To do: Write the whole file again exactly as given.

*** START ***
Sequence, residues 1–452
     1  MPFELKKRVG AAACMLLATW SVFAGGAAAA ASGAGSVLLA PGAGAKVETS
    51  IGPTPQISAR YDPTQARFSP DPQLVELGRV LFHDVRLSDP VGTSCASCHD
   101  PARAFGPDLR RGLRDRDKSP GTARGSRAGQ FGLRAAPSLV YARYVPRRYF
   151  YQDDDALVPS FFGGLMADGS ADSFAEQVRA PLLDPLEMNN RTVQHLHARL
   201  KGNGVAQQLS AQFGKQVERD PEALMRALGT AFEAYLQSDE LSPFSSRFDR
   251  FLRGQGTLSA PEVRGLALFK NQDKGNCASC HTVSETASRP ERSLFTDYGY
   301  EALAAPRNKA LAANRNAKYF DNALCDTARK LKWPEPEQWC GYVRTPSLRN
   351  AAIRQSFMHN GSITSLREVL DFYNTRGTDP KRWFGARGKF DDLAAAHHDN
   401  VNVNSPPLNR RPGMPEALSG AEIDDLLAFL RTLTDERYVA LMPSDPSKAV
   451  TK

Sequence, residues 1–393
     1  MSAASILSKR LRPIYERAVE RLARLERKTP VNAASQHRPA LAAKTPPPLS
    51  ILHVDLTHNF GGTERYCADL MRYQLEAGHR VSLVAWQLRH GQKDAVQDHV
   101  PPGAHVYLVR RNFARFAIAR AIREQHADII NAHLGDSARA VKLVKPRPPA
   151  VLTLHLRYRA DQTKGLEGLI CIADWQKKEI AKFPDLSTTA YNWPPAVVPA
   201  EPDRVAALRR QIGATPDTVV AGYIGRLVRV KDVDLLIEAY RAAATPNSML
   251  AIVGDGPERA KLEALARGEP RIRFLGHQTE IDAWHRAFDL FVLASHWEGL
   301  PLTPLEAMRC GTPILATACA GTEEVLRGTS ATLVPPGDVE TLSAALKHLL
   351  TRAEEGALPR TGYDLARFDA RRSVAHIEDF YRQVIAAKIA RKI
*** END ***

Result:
Sequence, residues 1–452
     1  MPFELKKRVG AAACMLLATW SVFAGGAAAA ASGAGSVLLA PGAGAKVETS
    51  IGPTPQISAR YDPTQARFSP DPQLVELGRV LFHDVRLSDP VGTSCASCHD
   101  PARAFGPDLR RGLRDRDKSP GTARGSRAGQ FGLRAAPSLV YARYVPRRYF
   151  YQDDDALVPS FFGGLMADGS ADSFAEQVRA PLLDPLEMNN RTVQHLHARL
   201  KGNGVAQQLS AQFGKQVERD PEALMRALGT AFEAYLQSDE LSPFSSRFDR
   251  FLRGQGTLSA PEVRGLALFK NQDKGNCASC HTVSETASRP ERSLFTDYGY
   301  EALAAPRNKA LAANRNAKYF DNALCDTARK LKWPEPEQWC GYVRTPSLRN
   351  AAIRQSFMHN GSITSLREVL DFYNTRGTDP KRWFGARGKF DDLAAAHHDN
   401  VNVNSPPLNR RPGMPEALSG AEIDDLLAFL RTLTDERYVA LMPSDPSKAV
   451  TK

Sequence, residues 1–393
     1  MSAASILSKR LRPIYERAVE RLARLERKTP VNAASQHRPA LAAKTPPPLS
    51  ILHVDLTHNF GGTERYCADL MRYQLEAGHR VSLVAWQLRH GQKDAVQDHV
   101  PPGAHVYLVR RNFARFAIAR AIREQHADII NAHLGDSARA VKLVKPRPPA
   151  VLTLHLRYRA DQTKGLEGLI CIADWQKKEI AKFPDLSTTA YNWPPAVVPA
   201  EPDRVAALRR QIGATPDTVV AGYIGRLVRV KDVDLLIEAY RAAATPNSML
   251  AIVGDGPERA KLEALARGEP RIRFLGHQTE IDAWHRAFDL FVLASHWEGL
   301  PLTPLEAMRC GTPILATACA GTEEVLRGTS ATLVPPGDVE TLSAALKHLL
   351  TRAEEGALPR TGYDLARFDA RRSVAHIEDF YRQVIAAKIA RKI